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Beating the Spread: NCCOS Science Helps Managers NOT Gamble with Invasive Species

A recent publication by NCCOS-funded scientists shows how new invasive species in the Great Lakes are easily dispersed by Lake Michigan and Lake Erie currents. The team, led by Dr. Dima Beletsky of the NOAA Cooperative Institute for Great Lakes Research at the University of Michigan, modeled dispersal throughout the lakes from nearshore locations, such as […]

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Helping Cleveland Provide the Highest Quality Drinking Water

The Lake Erie “dead zone” presents challenges for municipalities who draw water from Lake Erie. An NCCOS-funded project team of researchers at the NOAA Great Lakes Environmental Research Laboratory and the Cooperative Institute for Great Lakes Research is working with public water managers in Ohio to help them continue to provide citizens with high quality drinking […]

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Native Alaskans Trained in Potentially Life-saving Toxin Monitoring

Recent analyses conducted by the Sitka Tribe of Alaska Environmental Research Laboratory (STAERL) identified lethal levels of algal-produced toxin-like activity in shellfish from two Southeast Alaska sites in late May. Blue mussels, cockles, and butter clams were found to contain up to 46 times the regulatory limit for saxitoxins. Results from testing were shared with […]

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NCCOS Shorelines Research Featured on NOAA Chesapeake Bay Website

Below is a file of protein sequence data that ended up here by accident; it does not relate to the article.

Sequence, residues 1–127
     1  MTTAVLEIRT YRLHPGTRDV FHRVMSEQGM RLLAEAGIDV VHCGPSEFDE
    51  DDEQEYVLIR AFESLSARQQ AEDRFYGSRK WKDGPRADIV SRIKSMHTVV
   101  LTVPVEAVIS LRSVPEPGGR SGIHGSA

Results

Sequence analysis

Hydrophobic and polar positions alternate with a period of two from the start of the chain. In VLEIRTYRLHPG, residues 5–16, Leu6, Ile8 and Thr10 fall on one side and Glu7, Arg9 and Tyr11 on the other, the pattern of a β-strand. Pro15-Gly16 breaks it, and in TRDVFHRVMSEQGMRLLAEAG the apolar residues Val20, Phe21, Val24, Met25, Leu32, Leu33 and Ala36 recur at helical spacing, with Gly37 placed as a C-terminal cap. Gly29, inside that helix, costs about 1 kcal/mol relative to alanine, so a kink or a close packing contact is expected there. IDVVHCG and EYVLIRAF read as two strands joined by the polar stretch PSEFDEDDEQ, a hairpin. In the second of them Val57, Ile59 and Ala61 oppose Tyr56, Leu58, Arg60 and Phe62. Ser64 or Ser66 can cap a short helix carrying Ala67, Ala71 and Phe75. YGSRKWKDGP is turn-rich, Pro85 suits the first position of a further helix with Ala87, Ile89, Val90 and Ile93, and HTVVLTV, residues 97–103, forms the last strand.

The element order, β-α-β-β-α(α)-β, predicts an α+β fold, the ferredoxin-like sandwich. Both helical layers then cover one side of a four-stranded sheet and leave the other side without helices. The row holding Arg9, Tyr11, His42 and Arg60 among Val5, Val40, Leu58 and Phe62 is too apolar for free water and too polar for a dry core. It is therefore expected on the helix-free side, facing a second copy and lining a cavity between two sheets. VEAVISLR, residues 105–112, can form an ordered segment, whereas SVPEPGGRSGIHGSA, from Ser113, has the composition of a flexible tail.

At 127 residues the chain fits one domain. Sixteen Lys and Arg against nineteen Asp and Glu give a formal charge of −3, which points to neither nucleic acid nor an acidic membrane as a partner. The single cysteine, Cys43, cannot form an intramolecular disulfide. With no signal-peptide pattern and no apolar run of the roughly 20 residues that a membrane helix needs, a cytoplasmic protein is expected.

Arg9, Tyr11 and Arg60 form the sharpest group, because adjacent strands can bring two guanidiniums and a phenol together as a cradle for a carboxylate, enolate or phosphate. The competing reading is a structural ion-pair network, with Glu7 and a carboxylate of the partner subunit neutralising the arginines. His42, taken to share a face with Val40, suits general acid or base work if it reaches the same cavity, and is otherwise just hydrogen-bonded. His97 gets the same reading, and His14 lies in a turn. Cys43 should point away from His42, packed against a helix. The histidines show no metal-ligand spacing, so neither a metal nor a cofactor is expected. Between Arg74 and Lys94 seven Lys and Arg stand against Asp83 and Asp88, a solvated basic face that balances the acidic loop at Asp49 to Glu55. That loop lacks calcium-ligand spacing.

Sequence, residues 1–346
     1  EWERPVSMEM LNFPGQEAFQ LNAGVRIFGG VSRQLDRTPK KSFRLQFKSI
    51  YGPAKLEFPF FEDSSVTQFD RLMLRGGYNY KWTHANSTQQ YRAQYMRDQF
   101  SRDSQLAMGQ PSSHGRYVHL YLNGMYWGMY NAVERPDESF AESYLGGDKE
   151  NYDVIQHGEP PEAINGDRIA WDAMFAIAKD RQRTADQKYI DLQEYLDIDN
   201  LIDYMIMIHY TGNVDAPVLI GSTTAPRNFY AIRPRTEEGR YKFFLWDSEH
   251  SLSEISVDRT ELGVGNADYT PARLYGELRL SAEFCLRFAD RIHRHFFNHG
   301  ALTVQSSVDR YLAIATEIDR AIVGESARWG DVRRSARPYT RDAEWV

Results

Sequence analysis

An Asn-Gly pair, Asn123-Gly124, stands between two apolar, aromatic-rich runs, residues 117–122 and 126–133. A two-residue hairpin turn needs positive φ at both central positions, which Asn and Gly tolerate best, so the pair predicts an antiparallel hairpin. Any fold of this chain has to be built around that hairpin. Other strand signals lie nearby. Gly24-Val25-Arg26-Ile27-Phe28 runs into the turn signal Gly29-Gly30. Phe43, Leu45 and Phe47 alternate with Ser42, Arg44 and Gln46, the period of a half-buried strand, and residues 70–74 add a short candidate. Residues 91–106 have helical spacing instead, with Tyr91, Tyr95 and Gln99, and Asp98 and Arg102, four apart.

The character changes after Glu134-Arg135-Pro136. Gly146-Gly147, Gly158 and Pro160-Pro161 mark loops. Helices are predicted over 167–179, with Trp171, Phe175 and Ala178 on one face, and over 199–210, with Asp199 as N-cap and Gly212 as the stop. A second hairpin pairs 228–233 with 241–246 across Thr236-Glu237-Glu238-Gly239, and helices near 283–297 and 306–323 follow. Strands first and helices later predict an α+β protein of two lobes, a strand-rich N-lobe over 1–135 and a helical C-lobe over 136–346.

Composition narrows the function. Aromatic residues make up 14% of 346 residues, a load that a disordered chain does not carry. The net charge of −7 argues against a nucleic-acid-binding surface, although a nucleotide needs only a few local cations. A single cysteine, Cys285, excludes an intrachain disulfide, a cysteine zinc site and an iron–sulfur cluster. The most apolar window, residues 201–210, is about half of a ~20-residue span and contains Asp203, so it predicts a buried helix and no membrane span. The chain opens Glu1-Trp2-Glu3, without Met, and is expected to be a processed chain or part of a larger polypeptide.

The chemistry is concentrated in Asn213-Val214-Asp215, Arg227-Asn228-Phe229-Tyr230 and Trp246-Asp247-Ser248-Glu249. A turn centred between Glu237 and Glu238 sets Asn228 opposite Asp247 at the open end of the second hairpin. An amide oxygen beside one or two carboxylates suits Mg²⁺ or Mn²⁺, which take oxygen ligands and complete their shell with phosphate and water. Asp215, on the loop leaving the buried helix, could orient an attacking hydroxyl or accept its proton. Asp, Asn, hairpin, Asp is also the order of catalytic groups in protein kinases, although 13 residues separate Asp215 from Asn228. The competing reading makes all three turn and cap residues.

Managers and policy makers concerned about shoreline hardening in the Mid-Atlantic region can now find pertinent research results summarized in an accessible document. NCCOS supported a multi-partner project conducted from 2009 to 2015 to investigate the ecological effects of hardened shorelines, watershed development and invasive marsh grass species on nearshore ecosystems. The NOAA Chesapeake Bay […]

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BBC Documentary Highlights Microplastics Detection in Bottlenose Dolphins

NCCOS scientists and collaborators from the College of Charleston detected microplastics in gut samples of bottlenose dolphins for the first time. While microplastics have been visibly detected in other marine wildlife species, they had not been observed in bottlenose dolphins until now. The research, conducted in coordination with the NOAA Marine Debris Program, will expand knowledge of […]

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NCCOS Research Featured in EPA Harmful Algal Blooms Regional Forum

Southwestern states and Pacific Islands are experiencing increasing occurrences of harmful algal blooms in both coastal ocean and freshwater bodies. Recently the U.S. Environmental Protection Agency (EPA) in collaboration with a key regional partner, the California Surface Water Ambient Monitoring Program, convened a forum for federal, state, tribal and local agencies, lake managers, and water […]

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Multi-Agency Team Tracks Restored North Carolina Wetland

Wilson Bay in Jacksonville, NC was transformed from a polluted waterway to a healthy wetland ecosystem by a community-wide partnership. To assess the success and future health of the restored wetlands, a multidisciplinary team is tracking the habitat restoration site. Partners include NOAA’s National Centers for Coastal Ocean Science (NCCOS), University of North Carolina Institute of Marine Sciences […]

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Toxin Sensor off Washington Coast Provides Early Warning

A sensor for the algal neurotoxin domoic acid (DA), developed by NCCOS scientists, was deployed last week off the Washington coast on an Environmental Sample Processor (ESP). Designed by the Monterey Aquarium Research Institute (MBARI) and known as “ESPfriday,” the processor is operated by the Northwest Fisheries Science Center (NWFSC). The DA sensor, along with harmful […]

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